• Ghrelin Ghrelin plays an opposite role by stimulating appetite. It is produced by the stomach. During partial sleep restriction to four hours in bed per night, ghrelin levels increased by 28% (Spiegel, 2004). In this study, researchers also evaluated appetite and hunger by asking participants to rate each on visual analog scales. During the study their caloric intake was kept constant by giving them IV glucose rather than meals. Compared to their hunger during sleep extension, they were 24% more hungry during sleep restriction. Interestingly, their appetite for various foods also changed. Their appetite for calorie-dense, high-carbohydrate foods such as sweets, salty and starch foods was increased by 12%, while their appetite for fruits and vegetables increased by only 4% (see Figure 2). These changes can contribute to obesity.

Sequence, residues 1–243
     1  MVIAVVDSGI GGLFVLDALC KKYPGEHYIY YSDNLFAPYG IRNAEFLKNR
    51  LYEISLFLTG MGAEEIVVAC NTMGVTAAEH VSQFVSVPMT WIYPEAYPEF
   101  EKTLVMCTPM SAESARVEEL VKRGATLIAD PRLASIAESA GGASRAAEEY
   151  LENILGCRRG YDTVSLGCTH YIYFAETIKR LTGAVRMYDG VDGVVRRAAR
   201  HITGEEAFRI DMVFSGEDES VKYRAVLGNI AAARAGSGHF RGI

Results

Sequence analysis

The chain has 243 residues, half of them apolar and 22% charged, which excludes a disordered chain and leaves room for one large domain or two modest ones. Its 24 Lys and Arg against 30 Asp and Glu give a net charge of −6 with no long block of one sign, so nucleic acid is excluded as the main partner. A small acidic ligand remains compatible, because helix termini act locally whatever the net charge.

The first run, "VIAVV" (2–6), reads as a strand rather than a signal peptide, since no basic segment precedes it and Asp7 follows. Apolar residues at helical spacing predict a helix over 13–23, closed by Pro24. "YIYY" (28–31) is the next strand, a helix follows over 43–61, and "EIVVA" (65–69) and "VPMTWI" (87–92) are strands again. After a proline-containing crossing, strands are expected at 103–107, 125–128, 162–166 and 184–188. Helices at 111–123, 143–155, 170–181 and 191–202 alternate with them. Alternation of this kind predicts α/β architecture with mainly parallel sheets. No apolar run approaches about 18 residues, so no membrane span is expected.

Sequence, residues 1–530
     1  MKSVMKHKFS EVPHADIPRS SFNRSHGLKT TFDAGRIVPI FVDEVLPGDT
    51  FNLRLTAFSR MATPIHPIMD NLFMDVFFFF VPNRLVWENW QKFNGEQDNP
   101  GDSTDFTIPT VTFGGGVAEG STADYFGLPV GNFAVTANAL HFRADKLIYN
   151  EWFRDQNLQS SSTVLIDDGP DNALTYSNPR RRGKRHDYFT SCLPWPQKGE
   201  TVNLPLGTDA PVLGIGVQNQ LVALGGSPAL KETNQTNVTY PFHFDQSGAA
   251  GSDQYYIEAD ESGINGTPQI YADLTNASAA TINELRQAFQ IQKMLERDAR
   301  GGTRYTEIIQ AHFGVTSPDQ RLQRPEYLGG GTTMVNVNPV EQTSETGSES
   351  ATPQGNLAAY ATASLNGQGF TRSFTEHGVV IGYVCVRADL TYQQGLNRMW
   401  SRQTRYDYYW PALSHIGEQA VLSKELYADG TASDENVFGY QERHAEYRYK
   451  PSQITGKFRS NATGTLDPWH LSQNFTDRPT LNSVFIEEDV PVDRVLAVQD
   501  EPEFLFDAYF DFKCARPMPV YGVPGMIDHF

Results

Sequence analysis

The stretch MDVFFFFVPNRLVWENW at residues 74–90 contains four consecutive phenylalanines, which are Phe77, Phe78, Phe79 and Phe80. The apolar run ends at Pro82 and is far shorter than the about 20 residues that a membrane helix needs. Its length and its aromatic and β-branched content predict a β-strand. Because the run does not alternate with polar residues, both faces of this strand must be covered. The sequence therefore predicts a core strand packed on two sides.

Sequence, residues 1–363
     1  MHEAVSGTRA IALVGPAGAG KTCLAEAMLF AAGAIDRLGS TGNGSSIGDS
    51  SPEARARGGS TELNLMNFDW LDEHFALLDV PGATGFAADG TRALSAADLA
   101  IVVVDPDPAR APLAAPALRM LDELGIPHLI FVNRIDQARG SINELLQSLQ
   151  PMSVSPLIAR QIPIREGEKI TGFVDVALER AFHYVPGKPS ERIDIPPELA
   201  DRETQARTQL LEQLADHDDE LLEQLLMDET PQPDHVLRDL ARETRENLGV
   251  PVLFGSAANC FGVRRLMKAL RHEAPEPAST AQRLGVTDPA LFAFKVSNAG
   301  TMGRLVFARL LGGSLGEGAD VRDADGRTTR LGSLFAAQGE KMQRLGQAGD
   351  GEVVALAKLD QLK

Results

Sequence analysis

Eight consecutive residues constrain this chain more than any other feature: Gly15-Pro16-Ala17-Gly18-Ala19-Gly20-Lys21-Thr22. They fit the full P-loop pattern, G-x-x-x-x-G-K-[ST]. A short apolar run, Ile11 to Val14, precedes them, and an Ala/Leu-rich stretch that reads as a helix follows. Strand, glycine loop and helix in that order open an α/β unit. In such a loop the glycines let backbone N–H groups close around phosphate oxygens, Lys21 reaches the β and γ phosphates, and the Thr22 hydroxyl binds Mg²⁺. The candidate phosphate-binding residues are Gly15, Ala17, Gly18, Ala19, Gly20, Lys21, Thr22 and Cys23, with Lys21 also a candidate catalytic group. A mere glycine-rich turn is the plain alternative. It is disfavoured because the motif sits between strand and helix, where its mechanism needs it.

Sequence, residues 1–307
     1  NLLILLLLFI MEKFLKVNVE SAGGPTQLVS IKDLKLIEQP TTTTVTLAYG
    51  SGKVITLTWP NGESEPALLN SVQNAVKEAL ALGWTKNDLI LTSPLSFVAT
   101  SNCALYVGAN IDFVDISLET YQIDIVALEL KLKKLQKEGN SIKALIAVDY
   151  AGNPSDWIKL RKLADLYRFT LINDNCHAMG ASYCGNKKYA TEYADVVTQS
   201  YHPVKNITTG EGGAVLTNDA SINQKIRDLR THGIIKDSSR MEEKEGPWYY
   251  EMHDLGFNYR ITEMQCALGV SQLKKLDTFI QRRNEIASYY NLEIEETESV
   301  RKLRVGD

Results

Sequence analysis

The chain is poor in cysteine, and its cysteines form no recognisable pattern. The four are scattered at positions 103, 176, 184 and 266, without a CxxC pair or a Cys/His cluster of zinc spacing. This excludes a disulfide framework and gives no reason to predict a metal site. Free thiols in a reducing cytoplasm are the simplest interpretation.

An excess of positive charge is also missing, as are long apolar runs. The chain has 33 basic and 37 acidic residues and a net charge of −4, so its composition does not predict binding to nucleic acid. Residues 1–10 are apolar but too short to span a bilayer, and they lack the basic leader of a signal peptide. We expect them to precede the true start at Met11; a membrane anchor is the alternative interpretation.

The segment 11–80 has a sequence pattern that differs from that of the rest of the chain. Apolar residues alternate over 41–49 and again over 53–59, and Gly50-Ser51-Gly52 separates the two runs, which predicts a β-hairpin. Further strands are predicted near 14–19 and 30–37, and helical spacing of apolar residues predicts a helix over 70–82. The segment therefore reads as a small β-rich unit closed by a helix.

• Cortisol       Researchers have looked at how partial sleep deprivation impacts other hormonal axes. Cortisol, a glucocorticoid, is normally lowest at night and highest in the early morning. However, when people are either totally or partially sleep deprived, their evening cortisol is significantly increased, and the nadir is delayed by at least one hour (Leproult, 1997). High cortisol will produce hyperglycemia, which in turn can contribute to cardiovascular disease.
  • TSH       Spiegel et al. (2004) found that mean 24-hour TSH was 26% lower when sleep was restricted to just four hours. Another study assessed the relationship between leptin and TSH in women; it was found that 24-hour TSH levels were positively correlated with leptin levels. Leptin is thought to stimulate the secretion of TSH, thus making sense of Spiegel’s finding, as sleep restriction results in lower leptin levels.